Red coats to red flag laws to bloody red revolt

The past is prologue as ideology driven politicians and activists clear the path to national perdition

By Dan Gifford

Every picture tells a story and the one on the Seal of Union County, New Jersey tells a deadly one.

It depicts the 1780 cold blooded murder that ignited righteous anger of New Jerseyans and colonists at large and caused the fence sitters among them to take up arms against their own government, the British Crown. It's also a murder foolish contemporary politicians and activists seem determined to have repeated with their advocacy of "red flag laws" that allow government a pretext to send its armed agents to seize one's firearms and other property at gunpoint without much, if any, due process.

The seal scene shows a "Redcoat" -- a British soldier -- shooting a woman whose hands are raised in surrender. The name of the soldier isn't known, but the woman's is. She was Hannah Caldwell, wife of Presbyterian minister James Caldwell, widely known as "the fighting parson" for his spiritual leadership, sermons and writings in support of individual liberty and what we now call the American Revolution. That's not what King George III and his British and Hessian military officers called it, though. To them it was the "Presbyterian Rebellion."

Caldwell's Presbyterianism was not the namby pamby variety of today. It was the "redneck" (English slang for Presbyterians then), undiluted anti-episcopacy Presbyterian polity variety that had fought a five year war along the border of Scotland and England against the Crown's demand that bishops be placed in the Scottish Presbyterian church. That bishopless Presbyterian polity that rejects top down hierarchy formed the basis for the relationship of the American states to the federal government and institutions such as the Electoral College. As such, Crown loyalists agitated for both Reverend Caldwell and his family to be arrested or made assassination targets of the Crown. Reverend Caldwell was murdered one year after his wife.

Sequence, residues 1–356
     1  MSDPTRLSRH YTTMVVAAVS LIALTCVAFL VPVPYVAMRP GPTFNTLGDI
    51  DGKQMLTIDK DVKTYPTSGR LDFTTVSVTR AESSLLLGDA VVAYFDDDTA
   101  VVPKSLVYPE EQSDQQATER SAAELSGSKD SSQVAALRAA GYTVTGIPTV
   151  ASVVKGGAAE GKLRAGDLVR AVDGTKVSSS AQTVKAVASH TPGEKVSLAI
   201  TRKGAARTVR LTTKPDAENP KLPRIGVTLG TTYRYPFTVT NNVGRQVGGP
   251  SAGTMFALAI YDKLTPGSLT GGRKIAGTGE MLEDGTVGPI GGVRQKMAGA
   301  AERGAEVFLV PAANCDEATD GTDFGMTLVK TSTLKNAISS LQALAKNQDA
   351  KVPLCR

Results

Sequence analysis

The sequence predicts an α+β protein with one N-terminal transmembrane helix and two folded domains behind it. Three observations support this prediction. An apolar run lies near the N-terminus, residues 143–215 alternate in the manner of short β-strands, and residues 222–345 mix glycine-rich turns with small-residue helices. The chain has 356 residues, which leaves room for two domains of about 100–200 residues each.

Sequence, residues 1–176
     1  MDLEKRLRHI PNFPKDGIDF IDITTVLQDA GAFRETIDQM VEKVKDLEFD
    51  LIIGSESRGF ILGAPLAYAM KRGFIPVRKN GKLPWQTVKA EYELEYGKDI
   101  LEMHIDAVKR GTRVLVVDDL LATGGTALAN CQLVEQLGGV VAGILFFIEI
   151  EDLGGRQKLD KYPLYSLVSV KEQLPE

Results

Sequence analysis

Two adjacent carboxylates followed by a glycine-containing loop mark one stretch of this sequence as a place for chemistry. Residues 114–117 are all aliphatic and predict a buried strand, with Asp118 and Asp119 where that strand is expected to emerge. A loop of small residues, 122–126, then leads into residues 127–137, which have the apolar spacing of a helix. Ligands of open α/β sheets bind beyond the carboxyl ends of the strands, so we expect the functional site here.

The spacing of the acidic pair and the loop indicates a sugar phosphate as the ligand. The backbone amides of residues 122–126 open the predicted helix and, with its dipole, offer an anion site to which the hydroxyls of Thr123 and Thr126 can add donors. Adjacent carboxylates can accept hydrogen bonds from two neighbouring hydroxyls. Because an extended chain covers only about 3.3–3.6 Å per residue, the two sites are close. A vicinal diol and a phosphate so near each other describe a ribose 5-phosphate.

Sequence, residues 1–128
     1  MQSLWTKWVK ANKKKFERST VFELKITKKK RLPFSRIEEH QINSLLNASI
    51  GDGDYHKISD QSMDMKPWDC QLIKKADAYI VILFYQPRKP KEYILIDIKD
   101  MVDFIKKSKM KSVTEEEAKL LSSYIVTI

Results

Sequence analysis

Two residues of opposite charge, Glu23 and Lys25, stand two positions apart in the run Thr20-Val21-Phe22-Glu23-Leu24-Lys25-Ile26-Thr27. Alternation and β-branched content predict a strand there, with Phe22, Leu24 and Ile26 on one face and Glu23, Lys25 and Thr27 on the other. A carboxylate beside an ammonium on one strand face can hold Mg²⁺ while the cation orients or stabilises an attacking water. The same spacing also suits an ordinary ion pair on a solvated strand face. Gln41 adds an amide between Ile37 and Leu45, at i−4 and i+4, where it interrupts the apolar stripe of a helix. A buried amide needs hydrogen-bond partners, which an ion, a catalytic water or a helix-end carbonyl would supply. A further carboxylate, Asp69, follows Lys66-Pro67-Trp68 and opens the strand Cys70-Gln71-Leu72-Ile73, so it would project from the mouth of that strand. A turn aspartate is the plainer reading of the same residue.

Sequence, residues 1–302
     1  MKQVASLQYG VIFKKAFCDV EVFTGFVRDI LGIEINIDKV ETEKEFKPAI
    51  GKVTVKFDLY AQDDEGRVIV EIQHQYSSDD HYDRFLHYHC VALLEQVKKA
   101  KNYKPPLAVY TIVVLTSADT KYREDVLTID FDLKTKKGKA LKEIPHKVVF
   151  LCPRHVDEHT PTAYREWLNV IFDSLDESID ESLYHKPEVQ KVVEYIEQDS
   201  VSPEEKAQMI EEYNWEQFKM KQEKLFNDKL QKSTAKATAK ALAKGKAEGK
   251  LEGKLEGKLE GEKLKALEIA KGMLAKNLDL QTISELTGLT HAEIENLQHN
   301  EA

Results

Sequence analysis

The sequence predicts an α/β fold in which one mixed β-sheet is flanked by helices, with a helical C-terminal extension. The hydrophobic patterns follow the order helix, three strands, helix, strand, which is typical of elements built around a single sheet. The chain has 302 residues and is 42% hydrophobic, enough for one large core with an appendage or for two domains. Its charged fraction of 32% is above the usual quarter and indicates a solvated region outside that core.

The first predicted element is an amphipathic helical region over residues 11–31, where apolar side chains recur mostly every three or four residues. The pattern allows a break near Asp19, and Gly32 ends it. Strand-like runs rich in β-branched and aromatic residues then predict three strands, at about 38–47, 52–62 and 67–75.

Unlike the seal picture, a witness said Hannah was actually in her bedroom shielding her children (one of whom is standing behind her) from a soldier who had left the ranks of a Hessian and British troop column led by General Baron Wilhelm von Knyphausen that was marching by to walk over to her house. Accounts of the time say she thought she'd be safe since she was friends with many British officers and had even hosted a tea for several at her home earlier that day. If that sounds odd, it's because on paper, the etiquette of civilized warfare among European armies then forbid atrocities against non belligerent women and children. That's on paper. In practice, rape by soldiers -- especially gang rape -- was used as a weapon of terror by British and Hessians alike.

So according to the manners of period warfare, Hannah's murder was considered beyond the pale. Historian Charles Shallcross says "it was a terrible shock to the public and it galvanized them against the British." It certainly strengthened the resolve of my war ancestors like Captain William Gifford of the Third New Jersey Regiment.

His resolve and that of others was doubled after Hannah's murder by the actions of General von Knyphausen's troops at nearby Elizabeth, New Jersey. They had orders to search the town for rebels and guns. During that process, the Hessians became a mob that fought among themselves for looted valuables before setting fire to the houses, town buildings and church. People then remembered that. Those in Union County still do and so should we because that looting, property destruction and murder of Hannah Caldwell hold lessons today about red flag laws for those "woke" enough to learn them.